“Sobrang bait niyan (Revilla). He doesn’t say much, tahimik lang yan. You have to listen to him, but he’s very smart, intelligent, very giving siya, unselfish and very simple. Hindi yan magarbo sa sarili,” said Altamirano.
“We consider him as a son,” he said.
The trials of LA
Already promising in his rookie year for La Salle, Revilla’s voyage to basketball spotlight took a huge hit when not one, but two ailments hit him early in his college career.
He was diagnosed with diabetes and hyperthyroidism, a hormonal complication related to the thyroid gland, which forced him to sit out for two seasons in the UAAP.
Revilla said his condition runs in their family, and dealing with it head on was the only way to go.
He faced his regular check-ups like a true warrior, with the determination of getting back in the groove as soon as possible.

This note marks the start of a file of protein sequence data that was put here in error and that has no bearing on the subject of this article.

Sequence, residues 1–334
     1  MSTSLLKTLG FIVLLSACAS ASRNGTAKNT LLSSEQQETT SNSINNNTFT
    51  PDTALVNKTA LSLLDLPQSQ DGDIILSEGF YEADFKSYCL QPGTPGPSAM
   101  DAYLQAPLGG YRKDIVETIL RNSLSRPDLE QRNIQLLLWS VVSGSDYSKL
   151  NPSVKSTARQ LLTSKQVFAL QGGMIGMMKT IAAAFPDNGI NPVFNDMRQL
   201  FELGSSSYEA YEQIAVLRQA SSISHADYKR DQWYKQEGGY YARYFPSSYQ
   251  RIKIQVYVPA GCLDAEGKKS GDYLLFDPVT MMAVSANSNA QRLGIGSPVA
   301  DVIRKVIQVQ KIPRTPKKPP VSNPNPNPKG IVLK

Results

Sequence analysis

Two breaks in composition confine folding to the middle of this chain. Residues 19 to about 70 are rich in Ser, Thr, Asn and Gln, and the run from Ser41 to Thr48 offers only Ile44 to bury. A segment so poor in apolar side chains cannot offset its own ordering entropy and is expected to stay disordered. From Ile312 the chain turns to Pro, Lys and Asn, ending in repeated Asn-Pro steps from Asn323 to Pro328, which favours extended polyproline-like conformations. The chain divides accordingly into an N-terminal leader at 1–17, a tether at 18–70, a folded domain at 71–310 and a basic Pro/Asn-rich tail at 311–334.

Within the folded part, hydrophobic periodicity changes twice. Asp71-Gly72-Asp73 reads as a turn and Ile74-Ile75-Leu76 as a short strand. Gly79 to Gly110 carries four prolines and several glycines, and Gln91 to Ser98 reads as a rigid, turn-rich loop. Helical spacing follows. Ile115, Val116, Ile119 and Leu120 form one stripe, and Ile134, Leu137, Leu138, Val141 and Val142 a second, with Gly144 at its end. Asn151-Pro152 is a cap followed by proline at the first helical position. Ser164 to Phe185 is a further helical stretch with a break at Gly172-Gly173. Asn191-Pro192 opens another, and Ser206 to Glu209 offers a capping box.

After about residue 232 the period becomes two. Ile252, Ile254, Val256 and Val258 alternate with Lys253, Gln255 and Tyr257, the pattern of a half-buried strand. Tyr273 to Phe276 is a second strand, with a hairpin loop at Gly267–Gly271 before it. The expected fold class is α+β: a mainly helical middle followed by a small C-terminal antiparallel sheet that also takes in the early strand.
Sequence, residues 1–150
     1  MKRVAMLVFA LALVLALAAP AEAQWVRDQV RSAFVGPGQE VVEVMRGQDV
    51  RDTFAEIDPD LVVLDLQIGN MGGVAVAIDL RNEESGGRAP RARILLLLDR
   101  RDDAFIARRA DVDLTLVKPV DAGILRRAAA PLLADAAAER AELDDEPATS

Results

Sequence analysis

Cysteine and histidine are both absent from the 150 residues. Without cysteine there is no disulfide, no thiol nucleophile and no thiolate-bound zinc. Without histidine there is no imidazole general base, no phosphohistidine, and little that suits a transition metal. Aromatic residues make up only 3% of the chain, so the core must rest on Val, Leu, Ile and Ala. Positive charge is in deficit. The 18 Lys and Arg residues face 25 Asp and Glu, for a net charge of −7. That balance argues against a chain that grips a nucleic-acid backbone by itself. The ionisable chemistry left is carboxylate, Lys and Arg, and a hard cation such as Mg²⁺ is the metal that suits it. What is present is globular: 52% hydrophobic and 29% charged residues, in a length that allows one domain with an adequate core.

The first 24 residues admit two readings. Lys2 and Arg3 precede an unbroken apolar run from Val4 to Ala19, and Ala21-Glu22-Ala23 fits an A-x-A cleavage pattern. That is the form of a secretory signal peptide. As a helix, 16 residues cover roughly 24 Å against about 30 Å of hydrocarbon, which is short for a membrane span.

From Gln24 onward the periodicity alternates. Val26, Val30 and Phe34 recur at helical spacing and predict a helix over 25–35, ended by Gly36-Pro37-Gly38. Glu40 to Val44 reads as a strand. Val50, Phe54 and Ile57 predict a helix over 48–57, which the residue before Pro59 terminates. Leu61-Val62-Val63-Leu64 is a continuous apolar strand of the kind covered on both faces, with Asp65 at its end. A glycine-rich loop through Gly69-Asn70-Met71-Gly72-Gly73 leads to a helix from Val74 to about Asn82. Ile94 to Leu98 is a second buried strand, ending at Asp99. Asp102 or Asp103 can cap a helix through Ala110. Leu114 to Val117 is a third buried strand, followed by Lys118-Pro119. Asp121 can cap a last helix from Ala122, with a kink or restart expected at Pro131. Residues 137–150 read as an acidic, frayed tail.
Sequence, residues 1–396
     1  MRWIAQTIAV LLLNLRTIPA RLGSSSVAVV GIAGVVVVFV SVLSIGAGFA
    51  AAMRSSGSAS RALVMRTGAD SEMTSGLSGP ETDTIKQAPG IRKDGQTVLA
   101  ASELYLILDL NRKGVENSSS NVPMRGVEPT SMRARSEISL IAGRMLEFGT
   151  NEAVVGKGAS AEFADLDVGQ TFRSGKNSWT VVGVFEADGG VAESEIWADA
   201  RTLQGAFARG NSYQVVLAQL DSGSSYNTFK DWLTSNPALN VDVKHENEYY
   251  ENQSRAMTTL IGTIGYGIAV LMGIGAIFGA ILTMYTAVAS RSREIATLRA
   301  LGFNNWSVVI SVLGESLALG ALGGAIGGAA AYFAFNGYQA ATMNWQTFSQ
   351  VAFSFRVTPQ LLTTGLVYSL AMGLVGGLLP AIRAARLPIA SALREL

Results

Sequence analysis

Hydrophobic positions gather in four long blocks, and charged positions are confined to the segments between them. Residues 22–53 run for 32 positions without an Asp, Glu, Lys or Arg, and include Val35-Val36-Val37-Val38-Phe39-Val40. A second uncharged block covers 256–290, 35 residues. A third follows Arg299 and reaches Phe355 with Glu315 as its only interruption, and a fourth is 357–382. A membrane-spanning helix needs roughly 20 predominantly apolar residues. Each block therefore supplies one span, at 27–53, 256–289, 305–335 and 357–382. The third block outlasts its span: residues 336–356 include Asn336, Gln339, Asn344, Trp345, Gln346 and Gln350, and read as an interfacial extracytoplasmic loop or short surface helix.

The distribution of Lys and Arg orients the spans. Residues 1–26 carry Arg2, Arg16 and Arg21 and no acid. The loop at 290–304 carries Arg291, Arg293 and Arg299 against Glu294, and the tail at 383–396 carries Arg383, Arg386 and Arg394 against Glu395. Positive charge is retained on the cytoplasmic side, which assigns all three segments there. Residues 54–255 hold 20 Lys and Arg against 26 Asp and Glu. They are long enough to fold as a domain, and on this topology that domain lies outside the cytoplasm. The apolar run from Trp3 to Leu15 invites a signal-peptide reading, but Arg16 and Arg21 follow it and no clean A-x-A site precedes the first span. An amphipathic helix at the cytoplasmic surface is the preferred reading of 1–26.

In those trying times, Revilla relished being allowed by the La Salle coaching staff to still connect with his passion for basketball, while finding simple joys with his circle of friends.
Altamirano, meanwhile, provided the spiritual back-up on his “son”.
“There were some doubts, but we just kept on encouraging him na may plano si God sa kanya, and yung mangyayari sa kanya, will be a testimony ng power ni God,” he said.
“It was a trying moment for LA, but I think those moments really helped him build his character and he became a stronger person,” added Altamirano.
And by the time he was medically cleared to play again, Revilla proved to be the missing link in La Salle’s title quest in 2013.
Armed with newfound hope, Revilla provided solid playmaking and the leadership role for the Green Archers despite the cloud of doubt cast on his UAAP comeback.
Revilla remembered that in trying times, “what doesn’t kill only you makes you stronger” as he looked at his health issue more as a stepping stone to achieving victory in life.